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Sen. Lindsey Graham responds to Sen. John McCain's announcement that he won't vote for the Cassidy-Graham health bill. Photo: J. Scott Applewhite / AP

Sen. Lindsey Graham issued a statement Friday in response to his longtime friend Sen. John McCain's announcement that he won't vote for the Cassidy-Graham health care bill, which likely kills the Senate's last attempt to repeal and replace the Affordable Care Act before its Sept. 30 deadline.

Key quotes: "My friendship with John McCain is not based on how he votes but respect for how he's lived his life and the person he is... I respectfully disagree with his position... We press on." Meanwhile, Sen. Bill Cassidy said he is "disappointed" with McCain, but will continue to work on the bill's passage.

Graham's full statement:

"My friendship with John McCain is not based on how he votes but respect for how he's lived his life and the person he is.I respectfully disagree with his position not to proceed forward on Graham-Cassidy-Heller-Johnson. I know Graham-Cassidy-Heller-Johnson is the best chance to repeal and replace Obamacare.Obamacare is collapsing in Arizona, South Carolina, and across the nation - driving up premiums and reducing choices. I feel an obligation to fix this disaster and intend to push forward for state-centric health care versus Washington-knows-best health care.I'm completely convinced taking money and power out of Washington and returning it to states to administer health care is the best way to replace a collapsing Obamacare system. I'm excited about solutions we have found in Graham-Cassidy-Heller-Johnson. We press on."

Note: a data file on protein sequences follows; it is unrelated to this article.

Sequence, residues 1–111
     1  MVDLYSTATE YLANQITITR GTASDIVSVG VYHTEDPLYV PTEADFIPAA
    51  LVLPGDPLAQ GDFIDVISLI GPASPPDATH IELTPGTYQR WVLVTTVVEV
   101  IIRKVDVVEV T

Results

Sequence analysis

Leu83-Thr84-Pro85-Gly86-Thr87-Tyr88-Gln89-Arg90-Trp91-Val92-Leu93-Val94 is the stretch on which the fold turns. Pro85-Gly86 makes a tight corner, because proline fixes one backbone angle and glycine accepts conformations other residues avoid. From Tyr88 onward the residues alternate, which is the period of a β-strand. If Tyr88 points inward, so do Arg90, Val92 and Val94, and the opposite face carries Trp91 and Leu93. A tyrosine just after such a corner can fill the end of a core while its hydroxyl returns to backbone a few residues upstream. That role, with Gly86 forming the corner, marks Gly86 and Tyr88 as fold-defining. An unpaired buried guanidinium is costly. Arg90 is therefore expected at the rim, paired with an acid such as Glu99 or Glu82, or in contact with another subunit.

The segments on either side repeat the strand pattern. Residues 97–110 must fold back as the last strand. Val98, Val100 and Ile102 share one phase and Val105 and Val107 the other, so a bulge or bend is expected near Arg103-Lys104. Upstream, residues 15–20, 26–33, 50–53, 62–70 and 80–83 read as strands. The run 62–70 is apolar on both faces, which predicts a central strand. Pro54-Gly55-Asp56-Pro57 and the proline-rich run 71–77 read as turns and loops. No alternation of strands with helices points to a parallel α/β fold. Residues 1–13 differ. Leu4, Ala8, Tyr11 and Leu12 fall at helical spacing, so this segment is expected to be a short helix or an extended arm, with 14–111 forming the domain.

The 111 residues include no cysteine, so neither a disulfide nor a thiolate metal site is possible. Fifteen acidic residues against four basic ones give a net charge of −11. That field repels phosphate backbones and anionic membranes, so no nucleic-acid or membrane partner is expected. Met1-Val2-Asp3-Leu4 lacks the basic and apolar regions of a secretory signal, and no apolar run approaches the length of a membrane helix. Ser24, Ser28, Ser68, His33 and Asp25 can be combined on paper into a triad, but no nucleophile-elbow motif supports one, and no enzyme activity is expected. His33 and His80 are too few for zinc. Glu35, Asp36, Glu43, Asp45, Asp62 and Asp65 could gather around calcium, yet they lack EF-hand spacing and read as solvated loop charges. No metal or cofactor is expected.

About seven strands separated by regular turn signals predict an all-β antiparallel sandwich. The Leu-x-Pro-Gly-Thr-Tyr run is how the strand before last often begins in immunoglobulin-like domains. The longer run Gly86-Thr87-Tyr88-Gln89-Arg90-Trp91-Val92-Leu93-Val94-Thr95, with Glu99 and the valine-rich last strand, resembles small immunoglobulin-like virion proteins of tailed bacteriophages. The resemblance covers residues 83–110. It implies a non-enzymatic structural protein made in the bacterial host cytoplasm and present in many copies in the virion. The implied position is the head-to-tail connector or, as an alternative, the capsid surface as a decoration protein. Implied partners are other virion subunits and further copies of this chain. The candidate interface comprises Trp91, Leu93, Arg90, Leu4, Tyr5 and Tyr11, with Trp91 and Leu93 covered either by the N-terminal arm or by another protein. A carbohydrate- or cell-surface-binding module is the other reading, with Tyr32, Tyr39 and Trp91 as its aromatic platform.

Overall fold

Sen. Bill Cassidy's full statement:

"I am disappointed that Senator John McCain is not voting to repeal and replace Obamacare. But, as long as there are families being penalized because they can't afford insurance costing $30,000 to $40,000 a year, I will continue to work for those families."

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In a world where most Americans are isolated and forced to laugh, cry and mourn without friends or family by their side, viral moments can offer critical opportunities to unite the country or divide it.

Driving the news: President Biden's inauguration was produced to create several made-for-social viral moments, a tactic similar to what the Democratic National Committee and the Biden campaign pulled off during the Democratic National Convention.

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Arizona Republicans censure Cindy McCain and GOP governor

Combination images of Cindy McCain and Gov. Doug Ducey. Photo: FilmMagic/FilmMagic for U.S.VETS/Michael Brochstein/SOPA Images/LightRocket via Getty Images

Arizona Republican Party members voted on Saturday to censure prominent GOP figures Cindy McCain, Gov. Doug Ducey and former Sen. Jeff Flake (R-Ariz.), who've all faced clashes with former President Trump.

Why it matters: Although the resolution is symbolic, this move plus the re-election of the Trump-endorsed Kelli Ward as state GOP chair shows the strong hold the former president has on the party in Arizona, despite President Biden winning the state in the 2020 election.